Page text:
MadSci Network: Physics

Re: Why isn't violet cooler than red since it reflect more energy?

Date: Thu Dec 5 09:46:32 2002
Posted By: Jeff Robertson, Associate Professor of Astrophysics
Area of science: Physics
ID: 1038771321.Ph

Colors other than Black or White are tricky.
Black absorbs all wavelengths of light and will be warmer
than White (totally reflective).
However, colors are usually a mixture of pigments, each
absorbing bands of different wavelengths.  For example,
sky blue is a combination of blue and yellow wavelengths being
reflected, others absorbed.  So to say that a violet color
ONLY reflects violet is not true, nor is a red color
ONLY reflecting red.

Have you ever been to the paint store to watch them color match
a paint color.  White paint goes in along with
a squirt of red, a squirt of yellow, a squirt of blue
and wow Periwinkle paint!

The moral is that the color you see may be a combination
of many different wavelengths.
For practice you can visit these interactive color wheels
to produce colors from the three standard colors (RGB). http://www.exploratori

admin note

There are two ways to look at light. You can imagine light as a wave or as a stream of particles called photons. In answering this question, it is best to think of light as a stream of particles. We can say that violet light is of a higher energy than red light because each photon in violet light contains more energy than a photon in red light.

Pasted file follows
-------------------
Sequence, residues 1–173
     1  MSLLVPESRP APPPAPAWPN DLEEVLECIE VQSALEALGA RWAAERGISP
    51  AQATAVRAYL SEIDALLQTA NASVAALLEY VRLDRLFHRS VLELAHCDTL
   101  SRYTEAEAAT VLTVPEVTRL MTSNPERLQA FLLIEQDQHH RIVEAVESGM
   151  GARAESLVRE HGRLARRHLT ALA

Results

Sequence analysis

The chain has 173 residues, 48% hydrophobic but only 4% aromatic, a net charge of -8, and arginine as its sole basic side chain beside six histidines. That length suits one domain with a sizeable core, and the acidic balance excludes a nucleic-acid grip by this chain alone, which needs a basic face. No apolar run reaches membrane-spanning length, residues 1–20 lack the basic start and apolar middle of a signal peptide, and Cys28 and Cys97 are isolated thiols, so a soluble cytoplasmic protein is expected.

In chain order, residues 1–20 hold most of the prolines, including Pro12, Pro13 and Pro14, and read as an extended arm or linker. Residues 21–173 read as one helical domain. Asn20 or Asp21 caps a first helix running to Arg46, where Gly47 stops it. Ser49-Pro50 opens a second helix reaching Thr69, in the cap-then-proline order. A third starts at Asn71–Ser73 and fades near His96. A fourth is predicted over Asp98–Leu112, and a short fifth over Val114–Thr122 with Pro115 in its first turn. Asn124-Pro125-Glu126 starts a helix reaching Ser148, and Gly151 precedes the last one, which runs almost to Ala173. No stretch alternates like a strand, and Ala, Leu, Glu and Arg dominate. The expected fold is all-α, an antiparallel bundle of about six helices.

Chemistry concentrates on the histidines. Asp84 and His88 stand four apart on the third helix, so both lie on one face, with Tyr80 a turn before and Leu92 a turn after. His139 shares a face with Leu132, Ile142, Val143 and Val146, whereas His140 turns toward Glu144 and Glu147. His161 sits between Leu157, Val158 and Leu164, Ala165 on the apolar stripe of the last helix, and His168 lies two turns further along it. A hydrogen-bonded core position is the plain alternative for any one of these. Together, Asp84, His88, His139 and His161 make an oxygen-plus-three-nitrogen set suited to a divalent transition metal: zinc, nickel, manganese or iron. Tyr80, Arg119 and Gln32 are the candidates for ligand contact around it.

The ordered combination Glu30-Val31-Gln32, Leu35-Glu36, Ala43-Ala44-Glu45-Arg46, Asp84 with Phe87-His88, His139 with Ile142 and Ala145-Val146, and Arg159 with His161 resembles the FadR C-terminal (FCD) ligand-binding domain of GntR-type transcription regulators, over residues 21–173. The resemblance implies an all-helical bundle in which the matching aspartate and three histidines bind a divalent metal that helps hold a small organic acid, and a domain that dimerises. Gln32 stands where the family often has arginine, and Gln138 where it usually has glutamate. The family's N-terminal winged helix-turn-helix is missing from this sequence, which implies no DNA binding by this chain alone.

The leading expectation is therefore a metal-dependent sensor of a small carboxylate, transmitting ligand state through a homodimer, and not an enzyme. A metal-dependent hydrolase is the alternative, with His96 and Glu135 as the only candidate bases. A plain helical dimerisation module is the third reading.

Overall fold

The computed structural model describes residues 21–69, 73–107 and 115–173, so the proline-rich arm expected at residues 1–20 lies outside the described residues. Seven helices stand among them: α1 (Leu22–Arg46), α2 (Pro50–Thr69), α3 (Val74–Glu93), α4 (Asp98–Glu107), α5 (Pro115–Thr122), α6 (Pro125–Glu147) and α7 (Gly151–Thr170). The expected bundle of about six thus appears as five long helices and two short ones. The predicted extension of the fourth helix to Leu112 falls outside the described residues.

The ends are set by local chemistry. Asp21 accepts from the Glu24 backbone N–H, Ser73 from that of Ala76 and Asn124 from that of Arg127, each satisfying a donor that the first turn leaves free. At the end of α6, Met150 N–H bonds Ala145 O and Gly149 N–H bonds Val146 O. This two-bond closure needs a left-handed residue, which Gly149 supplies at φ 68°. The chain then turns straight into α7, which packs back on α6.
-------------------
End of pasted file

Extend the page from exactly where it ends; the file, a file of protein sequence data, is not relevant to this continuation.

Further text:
If you went to a shop and a man offered you a tonne of silver or an ounce of gold for the same price, you would take the silver. Gold may be far more valuable than silver, but the quantity of it is so much less in this case that it makes sense to take more of the lower value metal.

The violet object is not emitting anywhere near the same number of photons as the red object. So, even though the photons from the violet object have a higher energy, the amount of radiant energy being given off from this object is less than the red one. The violet object therefore gives off less radiant energy and in so doing, becomes hotter than the red object.

It is true that your objects will be giving photons of different colours, but in the case of red, we can say for instance that a large proportion of the photons emitted will be in the red part of the spectrum. Therefore, I feel that the above reasoning has validity. Richard Kingsley

Current Queue | Current Queue for Physics | Physics archives

Try the links in the MadSci Library for more information on Physics.

MadSci Home | Information | Search | Random Knowledge Generator | MadSci Archives | Mad Library | MAD Labs | MAD FAQs | Ask a ? | Join Us! | Help Support MadSci

MadSci Network,
© 1995-2002. All rights reserved.